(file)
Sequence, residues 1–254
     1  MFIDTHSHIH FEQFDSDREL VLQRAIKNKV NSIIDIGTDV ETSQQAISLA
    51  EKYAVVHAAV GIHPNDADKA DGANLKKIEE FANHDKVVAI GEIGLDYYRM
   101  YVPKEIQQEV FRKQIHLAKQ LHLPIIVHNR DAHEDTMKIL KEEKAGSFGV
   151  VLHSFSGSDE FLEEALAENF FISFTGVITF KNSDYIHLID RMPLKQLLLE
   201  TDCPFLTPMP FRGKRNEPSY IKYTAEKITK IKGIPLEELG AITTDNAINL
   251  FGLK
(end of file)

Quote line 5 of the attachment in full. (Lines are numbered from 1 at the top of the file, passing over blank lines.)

   151  VLHSFSGSDE FLEEALAENF FISFTGVITF KNSDYIHLID RMPLKQLLLE